What Is Irony? Essay, Research Paper
Irony is a method of assertion used by authors in literature and poetry. Although many writers have employed this literary technique for centuries, the meaning of the word can be difficult to understand. This essay will help to describe the correct meaning of this diverse word and illustrate how it is used.
The Canadian Intermediate Dictionary defines irony as ?a method of expression in which the meaning intended is the opposite of that expressed? (613). This statement is true, although it is an extremely basic definition since irony has been used in numerous ways that will be discussed and illustrated later in this essay.
The definition indicated proposes that irony could be closely related to terms such as ?satire? or ?sarcasm?. Satire is defined as ?the use of biting, often bitter wit, especially in the form of irony or sarcasm? (Canadian Intermediate Dictionary 1012). Its relation to irony is obvious by its given meaning, but the word ?satire? has a slightly different connotation. It is used to express folly, or to ridicule and criticize something or someone. Jonathan Swift portrays satire well in his essay, ?A Modest Proposal?. He makes an ironic statement against the British Government and how they are managing the Irish people. He suggests that ?a young healthy child well nursed is at a year old most delicious, nourishing, and wholesome food, whether stewed, roasted, baked, or boiled; and I make no doubt that it will equally serve in a fricasse or a ragout? (Findlay 11). His statement is obviously ridiculous, but he means the opposite of what he is saying. His point is to communicate the harsh feelings he has towards the British because they have treated the starving Irish children poorly.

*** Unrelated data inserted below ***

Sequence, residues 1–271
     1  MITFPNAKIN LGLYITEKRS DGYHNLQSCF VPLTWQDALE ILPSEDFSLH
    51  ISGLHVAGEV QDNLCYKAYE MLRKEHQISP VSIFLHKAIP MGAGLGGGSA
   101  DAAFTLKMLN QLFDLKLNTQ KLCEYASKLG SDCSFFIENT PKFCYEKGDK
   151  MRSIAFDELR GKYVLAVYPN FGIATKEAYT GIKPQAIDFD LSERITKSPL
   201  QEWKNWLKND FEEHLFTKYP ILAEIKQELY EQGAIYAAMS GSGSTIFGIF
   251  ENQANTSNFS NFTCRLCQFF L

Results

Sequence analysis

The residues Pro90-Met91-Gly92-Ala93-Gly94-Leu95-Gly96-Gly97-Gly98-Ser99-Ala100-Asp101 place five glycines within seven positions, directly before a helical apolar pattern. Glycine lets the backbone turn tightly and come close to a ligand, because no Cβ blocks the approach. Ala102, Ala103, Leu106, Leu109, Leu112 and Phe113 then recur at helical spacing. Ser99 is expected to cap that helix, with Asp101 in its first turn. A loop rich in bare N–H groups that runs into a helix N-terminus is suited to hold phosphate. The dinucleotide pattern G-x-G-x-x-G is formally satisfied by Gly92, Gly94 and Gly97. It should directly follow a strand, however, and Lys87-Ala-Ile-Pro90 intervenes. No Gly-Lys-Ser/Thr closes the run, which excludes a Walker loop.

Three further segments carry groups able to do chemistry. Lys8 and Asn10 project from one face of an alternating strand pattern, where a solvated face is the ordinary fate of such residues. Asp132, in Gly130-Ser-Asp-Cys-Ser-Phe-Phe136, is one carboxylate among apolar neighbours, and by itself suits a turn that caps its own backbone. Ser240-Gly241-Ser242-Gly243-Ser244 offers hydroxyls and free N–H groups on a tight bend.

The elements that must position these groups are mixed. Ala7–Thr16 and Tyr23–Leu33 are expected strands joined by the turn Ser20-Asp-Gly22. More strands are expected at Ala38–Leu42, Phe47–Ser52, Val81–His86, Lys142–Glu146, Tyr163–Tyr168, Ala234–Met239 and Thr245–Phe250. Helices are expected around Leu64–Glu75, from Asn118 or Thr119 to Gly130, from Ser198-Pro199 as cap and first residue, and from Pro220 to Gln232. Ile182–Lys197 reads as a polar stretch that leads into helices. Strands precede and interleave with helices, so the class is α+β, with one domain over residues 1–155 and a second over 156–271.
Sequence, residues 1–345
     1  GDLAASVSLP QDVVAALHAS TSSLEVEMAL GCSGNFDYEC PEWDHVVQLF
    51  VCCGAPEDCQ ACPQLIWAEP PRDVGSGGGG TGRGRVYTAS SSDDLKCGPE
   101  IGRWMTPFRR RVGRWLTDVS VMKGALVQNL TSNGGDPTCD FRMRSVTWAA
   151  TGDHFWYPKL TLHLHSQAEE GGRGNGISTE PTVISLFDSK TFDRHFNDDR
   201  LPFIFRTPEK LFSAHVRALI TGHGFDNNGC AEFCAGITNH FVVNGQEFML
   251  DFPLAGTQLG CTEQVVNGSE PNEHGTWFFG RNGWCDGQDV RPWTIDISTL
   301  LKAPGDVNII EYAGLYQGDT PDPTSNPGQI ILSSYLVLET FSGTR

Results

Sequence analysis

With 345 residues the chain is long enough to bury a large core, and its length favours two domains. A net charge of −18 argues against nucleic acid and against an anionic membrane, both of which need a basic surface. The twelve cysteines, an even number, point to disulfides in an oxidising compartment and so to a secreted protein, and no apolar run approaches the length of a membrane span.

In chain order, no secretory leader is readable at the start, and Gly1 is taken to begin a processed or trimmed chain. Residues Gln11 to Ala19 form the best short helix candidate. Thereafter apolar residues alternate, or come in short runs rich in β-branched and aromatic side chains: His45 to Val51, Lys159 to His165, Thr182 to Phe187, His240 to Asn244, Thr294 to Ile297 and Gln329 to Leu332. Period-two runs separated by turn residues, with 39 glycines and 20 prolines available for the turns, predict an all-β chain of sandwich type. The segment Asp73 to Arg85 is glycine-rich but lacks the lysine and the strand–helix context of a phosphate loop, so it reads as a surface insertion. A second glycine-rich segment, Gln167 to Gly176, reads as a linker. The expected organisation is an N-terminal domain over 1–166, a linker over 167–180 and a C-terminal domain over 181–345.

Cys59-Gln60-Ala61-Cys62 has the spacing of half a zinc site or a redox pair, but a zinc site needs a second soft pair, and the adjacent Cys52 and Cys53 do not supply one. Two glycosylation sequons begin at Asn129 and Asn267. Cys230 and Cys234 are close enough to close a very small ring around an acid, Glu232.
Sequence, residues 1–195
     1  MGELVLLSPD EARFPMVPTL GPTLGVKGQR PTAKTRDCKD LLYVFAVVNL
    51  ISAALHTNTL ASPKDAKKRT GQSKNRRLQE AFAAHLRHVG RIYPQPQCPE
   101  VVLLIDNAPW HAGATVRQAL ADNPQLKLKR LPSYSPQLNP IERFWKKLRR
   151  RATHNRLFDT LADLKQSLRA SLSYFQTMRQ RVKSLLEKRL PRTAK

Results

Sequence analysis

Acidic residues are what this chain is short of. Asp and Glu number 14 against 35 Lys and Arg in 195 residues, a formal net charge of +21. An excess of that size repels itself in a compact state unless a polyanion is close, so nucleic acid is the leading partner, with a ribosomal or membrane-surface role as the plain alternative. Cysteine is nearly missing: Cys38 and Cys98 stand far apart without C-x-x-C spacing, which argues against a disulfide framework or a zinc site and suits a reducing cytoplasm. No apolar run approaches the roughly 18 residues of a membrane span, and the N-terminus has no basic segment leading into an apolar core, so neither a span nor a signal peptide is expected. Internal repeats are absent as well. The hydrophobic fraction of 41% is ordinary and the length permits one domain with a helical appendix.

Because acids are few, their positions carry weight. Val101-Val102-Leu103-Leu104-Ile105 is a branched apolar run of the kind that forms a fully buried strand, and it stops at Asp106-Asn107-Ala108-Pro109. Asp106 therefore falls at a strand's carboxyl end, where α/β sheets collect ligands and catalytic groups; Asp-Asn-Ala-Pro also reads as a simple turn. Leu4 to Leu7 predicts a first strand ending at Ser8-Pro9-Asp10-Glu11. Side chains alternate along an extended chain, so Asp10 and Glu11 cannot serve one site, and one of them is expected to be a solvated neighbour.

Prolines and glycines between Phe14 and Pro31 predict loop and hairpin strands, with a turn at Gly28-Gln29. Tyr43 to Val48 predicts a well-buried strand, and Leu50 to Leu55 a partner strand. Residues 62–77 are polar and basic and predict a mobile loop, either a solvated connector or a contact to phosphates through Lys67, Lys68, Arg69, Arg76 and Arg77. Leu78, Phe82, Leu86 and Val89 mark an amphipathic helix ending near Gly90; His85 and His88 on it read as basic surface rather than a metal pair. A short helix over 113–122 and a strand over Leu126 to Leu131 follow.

Irony has many varieties from the deeply philosophical to the viscerally personal. These varieties vary according to the moral or psychological impetus behind them, but also according to the literary forms they take, as in dramatic irony where we know more than a particular character does.
Also, Socratic irony as in Plato?s dialogues where Socrates is the apparently na?ve eiron and his interlocutor the apparently confident and knowledgeable alezon. Irony derives from the discrepancy between appearance and reality, and our efforts to ignore or know more about that discrepancy. Irony requires careful control by its user and adroit intelligence on the part of its consumer. The audience has to work at reading obliqueness, translating indirection in the surface text into a more directly challenging subtext.
Avis, Walter S. Canadian Intermediate Dictionary 613, 1012 (1979)
Findlay, Isobel M. ?A Modest Proposal.? Introduction to Literature (2001): 11